Interesting stories in the Texas papers about the trial. I wonder why a vice-president of the company would make the comment to a state legislator that, "the women got what they wanted," referring to the sexual harassment allegations. Again, CSC fails miserably in the public relations area. It most definetly is a culture of corporate indifference and is obviously going to cost them dearly.
Excuse me! I agree with the content of the story. But at the same time your name is on it so you must have some reason for posting it. If you see a dirty rag on the ground and you pick it up. You get dirt on your hands everytime. You never take any position on anything. I was wrong for praising you, but I will continue to critisize you for standing for nothing. Apples not aples. Your typing is getting as bad as mine.
Prisonet, here's the story THE FORT WORTH STAR-TELEGRAM
February 24, 2001
Harris takes stand in trial on boot camp; Legislator testifies that executive said women 'got what they wanted'
Anthony Spangler; Star-Telegram Staff Writer
FORT WORTH - State Sen. Chris Harris testified Friday that a senior vice president of the Mansfield boot camp's private operator told him that three women who were sexually abused by its employees "got what they wanted."
The three women, whom the Star-Telegram is not identifying, are suing Florida-based Correctional Services Corp., for an undisclosed amount for mental anguish. They say they deserve monetary damages for the sexual abuse they suffered at the Tarrant County Community Correction Facility in Mansfield.
The facility for probationers houses a boot camp and three substance abuse programs and is run by CSC. The programs are overseen by the probation department and the county's 19 criminal court judges.
Harris, R-Arlington, told 141st District Court Judge Paul Enlow that he was personally offended by the remarks by a high-ranking CSC official during a telephone call in July. Enlow is hearing the case without a jury.
"I asked him what was going on at the facility concerning the women," Harris said. "He said that I need to understand that the women locked up in a facility like this, that they had gotten what they wanted, referring to the sexual acts that took place against them. The company seemed to have no concern about what happened to the women."
After his testimony, Harris continued to criticize CSC outside the courtroom, saying the company's 19 contracts at corrections facilities in Texas should be investigated for similar problems.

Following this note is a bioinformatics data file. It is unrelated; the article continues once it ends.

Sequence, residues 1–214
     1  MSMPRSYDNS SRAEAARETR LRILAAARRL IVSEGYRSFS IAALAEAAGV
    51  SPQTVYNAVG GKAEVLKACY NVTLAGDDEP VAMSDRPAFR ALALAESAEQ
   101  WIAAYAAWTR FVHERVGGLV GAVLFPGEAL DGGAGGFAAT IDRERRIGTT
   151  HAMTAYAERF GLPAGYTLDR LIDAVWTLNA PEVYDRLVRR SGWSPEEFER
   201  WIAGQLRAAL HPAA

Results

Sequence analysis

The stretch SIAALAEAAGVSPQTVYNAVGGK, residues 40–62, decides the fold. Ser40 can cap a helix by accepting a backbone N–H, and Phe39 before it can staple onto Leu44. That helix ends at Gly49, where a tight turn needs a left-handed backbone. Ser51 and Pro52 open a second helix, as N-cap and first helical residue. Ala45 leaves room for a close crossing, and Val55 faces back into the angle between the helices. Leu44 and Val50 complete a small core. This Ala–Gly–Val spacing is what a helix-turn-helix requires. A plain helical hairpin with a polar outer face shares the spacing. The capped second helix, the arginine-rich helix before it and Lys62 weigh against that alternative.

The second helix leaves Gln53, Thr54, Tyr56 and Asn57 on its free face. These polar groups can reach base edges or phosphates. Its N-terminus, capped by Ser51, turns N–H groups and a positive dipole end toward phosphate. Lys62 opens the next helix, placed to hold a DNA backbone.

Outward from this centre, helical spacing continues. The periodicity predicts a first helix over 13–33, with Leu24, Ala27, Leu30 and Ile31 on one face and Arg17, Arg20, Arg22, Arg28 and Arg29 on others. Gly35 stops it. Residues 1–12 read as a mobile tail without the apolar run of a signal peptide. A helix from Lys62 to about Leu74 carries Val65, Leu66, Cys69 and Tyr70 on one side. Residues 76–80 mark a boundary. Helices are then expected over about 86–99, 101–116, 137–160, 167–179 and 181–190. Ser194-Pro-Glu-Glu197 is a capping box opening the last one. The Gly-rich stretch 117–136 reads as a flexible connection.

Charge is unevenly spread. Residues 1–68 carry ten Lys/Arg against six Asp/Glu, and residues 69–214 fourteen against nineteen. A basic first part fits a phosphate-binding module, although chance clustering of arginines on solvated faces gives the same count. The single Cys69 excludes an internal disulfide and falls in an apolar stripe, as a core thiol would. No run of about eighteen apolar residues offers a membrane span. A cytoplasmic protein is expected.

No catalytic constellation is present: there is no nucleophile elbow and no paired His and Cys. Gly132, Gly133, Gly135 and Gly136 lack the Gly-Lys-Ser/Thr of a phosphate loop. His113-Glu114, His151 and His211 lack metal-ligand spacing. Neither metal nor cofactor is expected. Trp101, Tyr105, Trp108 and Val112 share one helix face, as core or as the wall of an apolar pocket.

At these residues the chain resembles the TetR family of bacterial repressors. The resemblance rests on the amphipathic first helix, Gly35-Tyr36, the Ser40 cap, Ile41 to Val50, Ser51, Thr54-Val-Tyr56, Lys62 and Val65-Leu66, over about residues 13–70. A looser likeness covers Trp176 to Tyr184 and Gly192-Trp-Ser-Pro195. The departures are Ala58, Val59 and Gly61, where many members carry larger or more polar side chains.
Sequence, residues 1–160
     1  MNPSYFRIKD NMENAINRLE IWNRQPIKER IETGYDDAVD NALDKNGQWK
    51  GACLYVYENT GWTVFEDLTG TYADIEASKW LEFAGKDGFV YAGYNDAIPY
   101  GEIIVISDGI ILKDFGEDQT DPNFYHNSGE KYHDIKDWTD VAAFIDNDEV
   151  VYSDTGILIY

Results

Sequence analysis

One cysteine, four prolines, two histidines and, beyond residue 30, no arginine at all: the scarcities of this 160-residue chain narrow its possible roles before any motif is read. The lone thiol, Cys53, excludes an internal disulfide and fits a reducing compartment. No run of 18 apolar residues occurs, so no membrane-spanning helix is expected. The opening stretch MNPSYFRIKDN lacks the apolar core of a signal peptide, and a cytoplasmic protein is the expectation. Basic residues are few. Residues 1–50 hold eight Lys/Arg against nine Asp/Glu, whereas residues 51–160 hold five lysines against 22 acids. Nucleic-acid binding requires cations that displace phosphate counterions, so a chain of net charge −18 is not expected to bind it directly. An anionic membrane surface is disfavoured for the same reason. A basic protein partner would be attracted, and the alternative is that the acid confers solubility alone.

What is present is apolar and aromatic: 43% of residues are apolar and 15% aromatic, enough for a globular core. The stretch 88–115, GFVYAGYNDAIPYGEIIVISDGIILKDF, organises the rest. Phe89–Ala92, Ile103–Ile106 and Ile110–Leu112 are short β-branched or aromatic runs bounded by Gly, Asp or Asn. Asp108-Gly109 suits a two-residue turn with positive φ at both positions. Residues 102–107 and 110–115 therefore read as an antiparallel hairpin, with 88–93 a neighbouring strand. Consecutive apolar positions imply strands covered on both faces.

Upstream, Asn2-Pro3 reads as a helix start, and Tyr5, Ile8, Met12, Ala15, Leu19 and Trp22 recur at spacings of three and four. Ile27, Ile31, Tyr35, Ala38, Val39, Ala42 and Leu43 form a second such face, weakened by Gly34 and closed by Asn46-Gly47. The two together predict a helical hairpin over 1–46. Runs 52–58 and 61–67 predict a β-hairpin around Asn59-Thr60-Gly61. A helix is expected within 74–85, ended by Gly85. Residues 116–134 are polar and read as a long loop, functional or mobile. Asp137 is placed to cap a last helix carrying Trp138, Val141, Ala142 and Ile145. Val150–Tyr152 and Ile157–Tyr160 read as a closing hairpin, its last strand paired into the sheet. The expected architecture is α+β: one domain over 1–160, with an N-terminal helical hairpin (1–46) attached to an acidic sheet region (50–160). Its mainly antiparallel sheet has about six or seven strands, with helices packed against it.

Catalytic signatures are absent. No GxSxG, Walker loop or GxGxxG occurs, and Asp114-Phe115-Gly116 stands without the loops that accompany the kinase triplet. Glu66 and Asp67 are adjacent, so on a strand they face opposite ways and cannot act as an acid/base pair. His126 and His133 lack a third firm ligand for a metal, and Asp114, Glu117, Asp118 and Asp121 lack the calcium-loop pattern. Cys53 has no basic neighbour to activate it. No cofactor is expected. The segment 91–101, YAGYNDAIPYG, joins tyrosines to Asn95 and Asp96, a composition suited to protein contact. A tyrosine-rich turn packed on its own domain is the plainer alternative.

Harris' interest in the boot camp's turmoil stems from his own battle with alcoholism, he said.
"I'm such a firm supporter of the boot camp because of the alcohol and drug programs there," said Harris, who said he quit drinking more than 20 years ago without any assistance. "But they have to respect the inmates there."
Attorneys representing the plaintiffs contend that a corporate culture exists in CSC that treats women as second-class inmates and disregards their complaints of sexual misconduct by male guards.
Male staff members at the Mansfield facility are not allowed to be alone with female inmates without a female staff member present, according to CSC's contract with the probation department.
But since the trial started Wednesday, several witnesses have testified that staff shortages often allowed male employees to be alone with female inmates.
CSC attorneys have argued that the women never filed grievances nor told any CSC or probation department staff members about any sexual misconduct.
"Grievances were always addressed," Rebecca Luna, a former supervisor at the boot camp, testified. "But the residents or trainees wouldn't report violations. We'd hear about them through hearsay and rumors."
One of the plaintiffs, a 33-year-old Arlington woman, testified Friday that she did not report the sexual advances of a CSC maintenance worker because she feared retaliation and had no faith in the grievance process.
"I learned in the first two weeks there that you don't file grievances," said the woman, who admitted that the six-month boot camp helped her end a nearly lifelong addiction to methamphetamine.
The woman said she was forced to simulate sex acts in front of a maintenance worker who watched from a ventilation duct. She said he threatened to plant cigarettes in her locker in exchange for sexual favors.
The employee, Michael Zahn, resigned last year and pleaded guilty in Tarrant County District Court to two charges of official oppression. He was sentenced to two years' probation.
Harris cited Zahn's conviction and three other criminal cases of sexual misconduct as proof of a "disgusting" history of CSC supervision at the boot camp.
"They not only didn't do what they could have done, those people intentionally don't do what they should do to protect" female inmates, he said.